As a couple, we worked together to get the balance down. Neil made the final payment on the card yesterday. Hurray! What I didn’t expect was how happy he was to have done so, and how for him it marked a real change in his financial status – that feeling of getting ahead.
Our future credit card
We are now in a good financial situation overall with little debt. I am ahead in my mortgage repayments; I am close to being in the under $100k club for my apartment. Again, reducing the mortgage is something we are focused on working together as a team to accomplish. Because I am ahead in my repayments, I have a large amount of equity in my home mortgage that I can access if there is an emergency. So we no longer need Neil’s credit card for contingencies.
We will cancel it soon.
And then we will apply for another credit card.
Say what? Surely you want to be rid of the evil consumer credit machine?
We are now looking at credit card for specific reasons – mainly for travel. Both Neil and I have overseas travel coming up in 2019, and a credit card with good features for travellers would be useful. Plus we both want to have a joint card now that we are married.
These are the features we want:
- Travel insurance. We want a card that provides free travel insurance. Many cards such as Visa include travel insurance provided by reputable insurers. A note here: it is important to check the details to see what you are covered for (or not) and what you need to do to be eligible. Usually, you need to pay some or all of the airline ticket or cruise on the card, and often pre-existing conditions are excluded (you need to be especially careful of the terms if you are pregnant). As my Neil had a heart attack a year ago, we are aware that whatever travel insurance he uses or purchases, he always needs to contact the provider to see what he is covered for.
- Reward programs. After we paid for our cruise on the credit card, I wondered if we would have been better off using a card with a rewards program so we could collect points. Both of us have Qantas gold membership, so we fly Qantas, Jetstar or One World if we can to use the lounge (that said, we prefer the cheapest price so will forego this perk if there is a good deal). Some frugal bloggers and other friends have great success with points – I’m thinking here the lovely Economiss who does great things with Velocity/Fly Buys. My view is that it generally does not pay to make purchases just for the points – and sometimes there are hidden transaction fees (up to 1.5%). Plus it is easy to spend too much because that’s what credit cards encourage. Conversion to gift cards are sometimes better than using the points for flights, or if you do use them for flights sometimes upgrades work out better. But getting points is better than getting nothing, especially if you know you have large purchases coming up.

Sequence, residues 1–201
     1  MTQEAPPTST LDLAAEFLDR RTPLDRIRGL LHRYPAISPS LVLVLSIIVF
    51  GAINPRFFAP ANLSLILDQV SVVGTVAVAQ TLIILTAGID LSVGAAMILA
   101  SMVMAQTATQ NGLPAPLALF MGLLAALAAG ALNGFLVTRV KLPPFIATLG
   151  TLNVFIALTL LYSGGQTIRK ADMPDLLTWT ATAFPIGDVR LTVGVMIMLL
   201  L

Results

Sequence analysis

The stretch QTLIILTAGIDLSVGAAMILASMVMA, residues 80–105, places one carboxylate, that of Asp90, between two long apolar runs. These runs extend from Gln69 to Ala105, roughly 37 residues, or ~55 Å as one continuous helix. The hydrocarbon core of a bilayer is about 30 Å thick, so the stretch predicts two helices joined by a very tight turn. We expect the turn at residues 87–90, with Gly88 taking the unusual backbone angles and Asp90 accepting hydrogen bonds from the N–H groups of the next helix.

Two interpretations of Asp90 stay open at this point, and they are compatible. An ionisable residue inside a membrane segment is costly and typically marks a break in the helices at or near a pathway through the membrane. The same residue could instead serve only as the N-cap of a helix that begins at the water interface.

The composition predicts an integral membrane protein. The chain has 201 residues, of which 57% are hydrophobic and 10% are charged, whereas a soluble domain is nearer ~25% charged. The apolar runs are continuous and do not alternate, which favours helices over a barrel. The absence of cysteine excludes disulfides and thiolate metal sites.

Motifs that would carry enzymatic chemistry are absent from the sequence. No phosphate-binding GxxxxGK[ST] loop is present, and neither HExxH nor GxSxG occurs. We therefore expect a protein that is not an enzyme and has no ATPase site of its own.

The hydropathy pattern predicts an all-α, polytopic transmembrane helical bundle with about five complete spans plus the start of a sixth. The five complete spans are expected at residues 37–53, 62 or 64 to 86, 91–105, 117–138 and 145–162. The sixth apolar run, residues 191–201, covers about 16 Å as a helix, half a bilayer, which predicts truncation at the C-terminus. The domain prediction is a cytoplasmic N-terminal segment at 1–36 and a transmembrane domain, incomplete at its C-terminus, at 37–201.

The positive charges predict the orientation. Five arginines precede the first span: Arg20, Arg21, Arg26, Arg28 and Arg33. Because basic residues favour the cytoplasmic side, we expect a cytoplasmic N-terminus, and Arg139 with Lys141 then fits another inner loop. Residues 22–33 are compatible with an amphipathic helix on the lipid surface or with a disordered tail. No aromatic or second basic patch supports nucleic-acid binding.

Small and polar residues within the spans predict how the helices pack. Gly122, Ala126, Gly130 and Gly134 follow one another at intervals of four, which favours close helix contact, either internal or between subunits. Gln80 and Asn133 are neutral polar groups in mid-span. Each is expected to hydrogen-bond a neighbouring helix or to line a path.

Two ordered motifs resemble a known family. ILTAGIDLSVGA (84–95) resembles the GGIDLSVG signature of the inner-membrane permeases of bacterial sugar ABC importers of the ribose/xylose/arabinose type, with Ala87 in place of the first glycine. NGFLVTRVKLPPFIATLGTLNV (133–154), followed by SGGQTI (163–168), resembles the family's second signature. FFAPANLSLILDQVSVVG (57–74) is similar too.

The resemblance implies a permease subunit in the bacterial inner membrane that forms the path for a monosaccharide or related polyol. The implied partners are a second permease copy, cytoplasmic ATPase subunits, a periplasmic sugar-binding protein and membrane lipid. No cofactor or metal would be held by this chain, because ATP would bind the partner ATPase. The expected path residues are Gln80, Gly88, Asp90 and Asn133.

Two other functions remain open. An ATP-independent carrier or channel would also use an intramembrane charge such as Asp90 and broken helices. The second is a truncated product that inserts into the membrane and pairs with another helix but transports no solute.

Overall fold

- Consumer protection. Credit cards usually offer better protection for consumers, and some have specific purchasing schemes. PayPal has a certain amount of consumer protection, too, but credit cards are generally better. Last year I sought a refund from a dodgy eBay seller – by the time the item was resent and I discovered they had sent men’s flashing shoes instead of my sons Christmas presents, it was already more than 30 days and outside of the eBay warranty period. Dealing with a credit card in such situations makes it much easier to claim.
- Zero fees. Yes, there are indeed some credit cards with zero annual fees. You can search on Finder for details (or type a search into Google and you will be hit with ads for the next few weeks). Many, however, have exorbitant fees – as I was typing this, I was offered a fantastic looking deal for Qantas Frequent Flyer points and a reward program all for only $425 a year. (Yep, those google ads really targeted me well.) If you are a real big spender or your work is paying it might be worth it, but for me, I doubt I would get $425 in benefits a year from points alone.
- Low, ideally no, overseas atm or transaction fees. Because we want a credit card for travel, the transaction fees are important. We do not plan to use our credit card for cash advances, so I am setting up a separate bank account with low fees for this (HSBC Global Bank Account will do the trick). And danger danger: that there are always high fees for cash advances so avoid them if you can. That said, a credit card with low or no overseas transaction fees would be great for paying for items when overseas, or when buying an item online from overseas.
Is there such a product? Actually, there are a few. On our date night we focused on three. In the end, we decided to investigate an HSBC Qantas Platinum Credit Card. This has an annual fee, although it is waived for the first year, and provides 1 Qantas FF point for every $1 spent up to $2,500 per statement.
Do you have a credit card? Are you happy with it? How do you use it? Do you think a credit card is essential or not?